Do you own a proprietorship (home-based business or rental property)?

When most small businesses get started, part of the excitement is going to the bank to open a business account. You order company chequebooks and deposit books. The money starts to flow in to your new bank account and at the end of the month you pay the company bills. If there is anything left, you write a cheque to yourself, call it a ‘draw’, and deposit it to your personal chequing account… okay, fair enough – nobody uses ‘cheques’ anymore – but the principle is the same…

If you don’t have a house mortgage this is a fine and efficient setup. But if you do have a mortgage (or other non-deductible debt), then there is a much better way to structure your banking. It is called the Cash Flow Dam and it is extremely powerful.

Say you own a proprietorship – a rental property – nothing too fancy, but a nice little place for which you have found good renters who pay on time every month and keep the house and garden tidy. You receive $2,000 in rent each month from your tenants and promptly use it to make the mortgage payment on your rental property which also happens to be $2,000 per month.

However, you, and likely thousands of other Canadians, have been making a very expensive mistake each and every month. You are receiving rental receipts each month and promptly redirecting them to cover the mortgage payment on your investment property. Money in, money out. While this seems the appropriate thing to do – after all, you have a mortgage on your rental and have promised your bank to make payments on it each month – it is not. You are missing out on thousands and thousands of dollars of benefit.

Proprietorship Versus Corporation

Being able to implement the Cash Flow Dam relies on you owning a proprietorship. A proprietorship is indeed a business but it is different than a corporation. A corporation is its own legal entity – you may own 100% of it but the corporation itself is as real as you are in the eyes of the law and is as distinct from you as you are from anyone else. A proprietorship, however, is you. It is an unincorporated business that you run and own as if it were yourself. In other words, any income from the business is treated just the same as any income you receive in wages or salary from your job. And you can do anything you want with this income. And a proprietorship is not necessarily just a rental property, it can be a home-based business you own, a hotdog cart, etc.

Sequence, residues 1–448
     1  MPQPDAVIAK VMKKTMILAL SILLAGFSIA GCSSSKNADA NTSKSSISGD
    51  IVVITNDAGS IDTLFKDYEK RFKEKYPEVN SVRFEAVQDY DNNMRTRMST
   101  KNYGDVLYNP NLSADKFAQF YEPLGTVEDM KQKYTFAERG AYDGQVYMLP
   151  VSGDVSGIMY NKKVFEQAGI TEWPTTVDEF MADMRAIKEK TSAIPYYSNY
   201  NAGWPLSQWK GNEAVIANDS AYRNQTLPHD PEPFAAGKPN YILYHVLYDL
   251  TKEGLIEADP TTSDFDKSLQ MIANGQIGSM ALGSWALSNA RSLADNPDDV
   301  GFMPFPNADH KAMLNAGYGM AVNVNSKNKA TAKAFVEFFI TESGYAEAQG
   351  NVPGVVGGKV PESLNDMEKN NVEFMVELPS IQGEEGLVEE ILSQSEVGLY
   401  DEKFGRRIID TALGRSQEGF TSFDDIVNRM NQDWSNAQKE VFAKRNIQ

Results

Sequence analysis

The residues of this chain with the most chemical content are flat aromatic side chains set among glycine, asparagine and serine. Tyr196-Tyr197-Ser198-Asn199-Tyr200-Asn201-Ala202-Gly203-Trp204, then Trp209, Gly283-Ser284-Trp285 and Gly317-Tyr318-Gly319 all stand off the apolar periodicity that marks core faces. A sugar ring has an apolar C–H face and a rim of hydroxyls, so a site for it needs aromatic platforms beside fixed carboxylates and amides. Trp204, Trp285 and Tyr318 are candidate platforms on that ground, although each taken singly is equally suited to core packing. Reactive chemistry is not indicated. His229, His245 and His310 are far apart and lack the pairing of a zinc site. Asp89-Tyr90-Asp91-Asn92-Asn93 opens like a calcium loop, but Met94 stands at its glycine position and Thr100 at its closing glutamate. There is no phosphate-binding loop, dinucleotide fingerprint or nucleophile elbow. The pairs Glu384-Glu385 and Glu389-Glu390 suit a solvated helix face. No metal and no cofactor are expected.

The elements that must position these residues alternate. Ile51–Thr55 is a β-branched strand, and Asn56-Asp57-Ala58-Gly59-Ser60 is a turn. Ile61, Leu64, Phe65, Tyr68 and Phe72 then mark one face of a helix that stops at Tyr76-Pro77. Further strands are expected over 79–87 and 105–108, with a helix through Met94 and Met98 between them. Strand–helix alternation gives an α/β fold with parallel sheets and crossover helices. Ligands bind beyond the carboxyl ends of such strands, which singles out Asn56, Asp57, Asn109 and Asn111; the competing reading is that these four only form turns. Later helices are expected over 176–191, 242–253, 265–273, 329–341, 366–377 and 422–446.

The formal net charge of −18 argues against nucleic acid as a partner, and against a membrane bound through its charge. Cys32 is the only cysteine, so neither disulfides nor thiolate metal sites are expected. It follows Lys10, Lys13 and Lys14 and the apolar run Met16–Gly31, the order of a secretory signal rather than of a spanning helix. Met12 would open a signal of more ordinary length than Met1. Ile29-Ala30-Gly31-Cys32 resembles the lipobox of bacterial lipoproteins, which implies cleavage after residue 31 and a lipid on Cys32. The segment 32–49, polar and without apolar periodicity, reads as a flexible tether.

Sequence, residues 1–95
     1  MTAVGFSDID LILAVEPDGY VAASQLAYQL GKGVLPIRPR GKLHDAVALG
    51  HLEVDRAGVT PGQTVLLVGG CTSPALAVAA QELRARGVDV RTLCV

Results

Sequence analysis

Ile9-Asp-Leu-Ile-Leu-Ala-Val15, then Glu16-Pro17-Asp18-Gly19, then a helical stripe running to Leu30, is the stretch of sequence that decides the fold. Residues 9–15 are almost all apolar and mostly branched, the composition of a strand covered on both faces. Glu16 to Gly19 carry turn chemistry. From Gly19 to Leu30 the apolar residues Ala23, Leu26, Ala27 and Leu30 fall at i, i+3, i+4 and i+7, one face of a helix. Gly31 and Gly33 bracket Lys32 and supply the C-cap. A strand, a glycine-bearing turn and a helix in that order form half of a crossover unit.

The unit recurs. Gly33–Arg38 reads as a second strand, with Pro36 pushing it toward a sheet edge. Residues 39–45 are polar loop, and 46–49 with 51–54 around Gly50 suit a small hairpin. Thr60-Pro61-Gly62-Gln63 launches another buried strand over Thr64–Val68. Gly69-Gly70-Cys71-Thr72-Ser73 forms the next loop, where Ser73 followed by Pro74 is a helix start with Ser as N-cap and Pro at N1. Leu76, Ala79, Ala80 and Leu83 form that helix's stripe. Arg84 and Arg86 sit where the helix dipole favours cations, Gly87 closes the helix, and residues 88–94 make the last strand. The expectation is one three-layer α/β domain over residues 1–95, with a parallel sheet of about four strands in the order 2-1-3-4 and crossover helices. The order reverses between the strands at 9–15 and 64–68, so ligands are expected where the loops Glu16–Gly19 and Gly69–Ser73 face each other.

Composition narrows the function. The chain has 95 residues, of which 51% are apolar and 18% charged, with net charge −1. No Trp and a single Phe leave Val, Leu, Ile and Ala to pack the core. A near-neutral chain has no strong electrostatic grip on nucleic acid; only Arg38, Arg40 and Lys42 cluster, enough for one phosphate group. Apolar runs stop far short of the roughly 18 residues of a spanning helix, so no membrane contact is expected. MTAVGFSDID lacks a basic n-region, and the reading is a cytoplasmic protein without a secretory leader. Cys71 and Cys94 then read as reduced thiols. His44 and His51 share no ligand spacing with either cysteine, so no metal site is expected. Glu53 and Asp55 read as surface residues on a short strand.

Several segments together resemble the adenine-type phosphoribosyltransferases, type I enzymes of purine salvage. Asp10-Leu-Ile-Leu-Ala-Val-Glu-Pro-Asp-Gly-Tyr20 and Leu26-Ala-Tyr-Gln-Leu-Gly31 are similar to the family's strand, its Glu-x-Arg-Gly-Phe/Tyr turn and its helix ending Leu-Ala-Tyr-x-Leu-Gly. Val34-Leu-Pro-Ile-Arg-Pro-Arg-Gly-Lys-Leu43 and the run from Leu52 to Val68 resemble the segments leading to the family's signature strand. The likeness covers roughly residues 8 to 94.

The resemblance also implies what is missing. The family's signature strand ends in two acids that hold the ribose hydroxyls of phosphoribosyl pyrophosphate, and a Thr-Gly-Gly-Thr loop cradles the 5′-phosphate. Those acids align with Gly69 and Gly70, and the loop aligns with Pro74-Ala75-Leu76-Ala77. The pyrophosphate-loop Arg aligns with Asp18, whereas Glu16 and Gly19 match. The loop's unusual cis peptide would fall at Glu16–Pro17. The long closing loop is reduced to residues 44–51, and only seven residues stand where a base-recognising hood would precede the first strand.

Make Your Money Work More Than Once

And so if the rental income you receive from your business – your rental property, in this case – is yours to do with as you see fit, let’s make it sweat. What you should have been doing all these years is applying these rental receipts of $2,000 per month as a prepayment against the non-deductible mortgage of your principal residence – the mortgage on the house in which you live. A monthly $2,000 prepayment of the mortgage? You will see that non-deductible mortgage eliminated in record time. Extremely powerful.

But what about making the mortgage payments on the rental property, you say? Well, if you have the appropriate financing in place on your principal residence, you will be able to get back at that $2,000 in order to service the rental property mortgage. You will have immediately converted $2,000 of non-deductible mortgage debt on your principal residence to deductible debt, thus generating a tax refund you otherwise would not have received (increased cash flow for yourself) while on your way to getting rid of that expensive mortgage in record time – and the sooner you are rid of that mortgage, the less you will pay in interest. And less is better. Much better.

The Cash Flow Dam requires no new money and no new resources of any kind from you. The benefits are free, and accrue as a result of reorganizing your finances, just like wealthy people do.